Despite coinciding with the London auctions, TEFAF Maastricht, and a snow storm, the 24th edition of The Armory Show still proved a success for many dealers, highlighting the continued importance of American collectors in the art market.
“The timing is not ideal for The Armory,” said European dealer Thaddaeus Ropac, who has five spaces across Paris, London, and Salzburg. “Having said this, America is still the biggest art market in contemporary art—it’s really dominant there…We shouldn’t underestimate that Americans can have a fair, and almost ignore the rest of the world.”
Despite the increasingly global nature of the art market, The Armory Show’s inadvertent overlap with other key art events in other countries did give credence to its solidly domestic focus where buyers are concerned. Dealers repeatedly referred to the fair’s focus on being a hub for collectors from all over the United States; more so than, say Art Basel in Miami Beach, which draws in collectors from Latin America, or Frieze New York, with its British roots and more international feel. Ropac said he and his colleagues noted museum groups and important collectors in attendance from places such as San Diego, Maine, North Carolina, Texas, and across the Midwest.
Ropac himself had to miss the first two days of The Armory Show because he remained in London for the auctions, where he said a number of Asian collectors were also present. He arrived by Friday and could be seen warmly greeting collectors for most of the afternoon. His staff had made notable sales in his absence on the fair’s first two days and business continued through Friday, including a large $650,000 Robert Longo charcoal drawing fresh from the studio, which sold to a Stuttgart museum, a heavily textured Jason Martin painting, multiple works by Gilbert & George, and a large painting by Alex Katz. With the exception of the Longo sale, all the other works went to U.S.-based collectors, said executive director Arne Ehmann.
Unlike last year, when the pall of U.S. President Donald Trump’s inauguration hung over The Armory Show and its largely left-leaning participants, this year “people seemed to have made their peace” with the political situation and were back to being focused on art, said Sean Kelly, whose booth near the fair’s entry was doing typically brisk business. Plus, many in the art-collecting tax bracket will benefit from a recent tax code overhaul (residents of New York and other high-tax cities and states will likely suffer due to the limit on deductions for state and local taxes).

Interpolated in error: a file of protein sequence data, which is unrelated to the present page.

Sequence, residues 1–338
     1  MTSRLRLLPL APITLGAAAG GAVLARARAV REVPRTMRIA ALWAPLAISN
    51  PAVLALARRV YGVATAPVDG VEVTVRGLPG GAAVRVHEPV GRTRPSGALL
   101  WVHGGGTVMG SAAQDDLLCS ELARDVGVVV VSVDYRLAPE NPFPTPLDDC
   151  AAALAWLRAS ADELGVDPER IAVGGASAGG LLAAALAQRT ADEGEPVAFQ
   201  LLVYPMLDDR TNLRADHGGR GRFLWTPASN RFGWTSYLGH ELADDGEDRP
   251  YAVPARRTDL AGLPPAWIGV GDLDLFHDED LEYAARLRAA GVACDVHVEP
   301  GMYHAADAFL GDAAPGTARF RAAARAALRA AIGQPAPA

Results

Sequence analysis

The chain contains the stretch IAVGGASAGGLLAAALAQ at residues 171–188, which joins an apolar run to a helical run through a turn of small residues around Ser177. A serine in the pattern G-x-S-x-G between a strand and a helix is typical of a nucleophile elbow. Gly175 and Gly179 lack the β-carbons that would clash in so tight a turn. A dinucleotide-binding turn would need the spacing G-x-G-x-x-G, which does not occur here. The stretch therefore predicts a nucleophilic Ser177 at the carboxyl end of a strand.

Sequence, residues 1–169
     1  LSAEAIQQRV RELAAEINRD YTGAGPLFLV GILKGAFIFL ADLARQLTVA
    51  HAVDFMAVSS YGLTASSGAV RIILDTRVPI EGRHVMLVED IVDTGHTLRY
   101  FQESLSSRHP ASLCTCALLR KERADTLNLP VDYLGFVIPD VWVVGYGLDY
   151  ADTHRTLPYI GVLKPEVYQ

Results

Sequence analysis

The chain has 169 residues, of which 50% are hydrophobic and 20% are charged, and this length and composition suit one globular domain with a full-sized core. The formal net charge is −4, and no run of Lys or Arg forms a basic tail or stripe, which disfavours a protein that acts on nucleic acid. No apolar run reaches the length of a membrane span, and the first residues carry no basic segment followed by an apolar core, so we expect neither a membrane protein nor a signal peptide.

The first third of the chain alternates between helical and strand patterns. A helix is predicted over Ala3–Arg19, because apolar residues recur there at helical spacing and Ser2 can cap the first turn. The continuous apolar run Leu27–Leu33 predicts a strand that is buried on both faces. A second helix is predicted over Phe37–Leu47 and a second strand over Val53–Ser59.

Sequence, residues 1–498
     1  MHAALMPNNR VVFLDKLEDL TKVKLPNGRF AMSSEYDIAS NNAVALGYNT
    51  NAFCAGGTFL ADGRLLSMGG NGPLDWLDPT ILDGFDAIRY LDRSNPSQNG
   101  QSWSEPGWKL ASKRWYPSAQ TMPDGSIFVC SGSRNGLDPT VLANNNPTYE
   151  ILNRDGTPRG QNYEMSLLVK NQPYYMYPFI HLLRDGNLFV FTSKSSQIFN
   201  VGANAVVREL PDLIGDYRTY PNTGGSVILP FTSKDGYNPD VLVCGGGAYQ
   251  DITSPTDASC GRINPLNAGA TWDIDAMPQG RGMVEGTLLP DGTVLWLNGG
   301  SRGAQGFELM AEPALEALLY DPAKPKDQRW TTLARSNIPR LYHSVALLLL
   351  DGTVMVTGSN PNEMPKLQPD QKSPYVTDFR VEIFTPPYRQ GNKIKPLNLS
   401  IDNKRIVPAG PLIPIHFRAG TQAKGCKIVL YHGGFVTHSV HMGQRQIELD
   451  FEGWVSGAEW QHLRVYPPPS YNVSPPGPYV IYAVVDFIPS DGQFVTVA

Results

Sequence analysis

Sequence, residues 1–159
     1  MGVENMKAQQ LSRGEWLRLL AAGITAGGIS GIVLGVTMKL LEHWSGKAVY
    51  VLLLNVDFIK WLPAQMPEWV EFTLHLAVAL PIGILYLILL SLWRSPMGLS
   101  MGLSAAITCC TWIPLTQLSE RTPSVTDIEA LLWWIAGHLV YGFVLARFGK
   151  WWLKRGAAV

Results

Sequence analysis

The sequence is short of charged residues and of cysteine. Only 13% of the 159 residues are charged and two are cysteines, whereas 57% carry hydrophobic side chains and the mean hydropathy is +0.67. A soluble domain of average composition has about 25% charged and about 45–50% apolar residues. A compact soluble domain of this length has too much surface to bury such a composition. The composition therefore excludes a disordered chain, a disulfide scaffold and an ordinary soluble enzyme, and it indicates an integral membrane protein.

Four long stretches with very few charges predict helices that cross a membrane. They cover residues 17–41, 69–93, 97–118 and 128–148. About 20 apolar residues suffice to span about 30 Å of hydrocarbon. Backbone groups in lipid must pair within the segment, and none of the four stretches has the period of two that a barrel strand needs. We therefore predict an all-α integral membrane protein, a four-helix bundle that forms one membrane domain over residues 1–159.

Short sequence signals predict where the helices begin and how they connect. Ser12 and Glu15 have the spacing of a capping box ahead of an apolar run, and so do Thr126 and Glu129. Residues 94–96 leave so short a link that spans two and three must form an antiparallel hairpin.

The fair leadership this year decreased the number of exhibitors from 210 to under 200 in favor of wider aisles and larger booths, which made the atmosphere marginally less like that of a bazaar. It continued to draw in legitimate celebrities and New York quasi-celebrities, since so many of them live in New York. Artists and art-world fixtures such as Marilyn Minter and RoseLee Goldberg, fashion designer Alexander Wang, musician Alicia Keys and producer Swizz Beatz, actor Steve Martin, and actor/director/writer James Franco were seen wandering the aisles. While most of Europe’s old guard collecting community was likely in Maastricht enjoying oysters amidst TEFAF’s antiquities, mega-collectors including Michael Eisner, Ella Fontanals-Cisneros, Anita Zabludowicz, Agnes Gund, and the Japanese e-commerce magnate Yusaku Maezawa (whose $110.5 million Jean-Michel Basquiat painting is completing a residency of sorts at the Brooklyn Museum this weekend), all showed up for The Armory Show.
Harriet Onslow, managing director at Pearl Lam Galleries, one of Asia’s most prominent art galleries, said the U.S. “has always been a big market” for them, but this was their first appearance at The Armory Show.
“We’ve always wanted to come,” she said, but “a lot of our clients travel all over the world, they come to Hong Kong, so we don’t need to be here necessarily.” The visit seemed to have paid off by Friday, with the sale of two works at $250,000 each by Su Xiaobai, Purplish Blue (2017) and Out of Tune (2017).
“Obviously Americans are very passionate, very knowledgeable, all the rest of it,” said Onslow, noting that most of the conversations she has had so far had been with American collectors, although the buyers of the two works by Su were not American.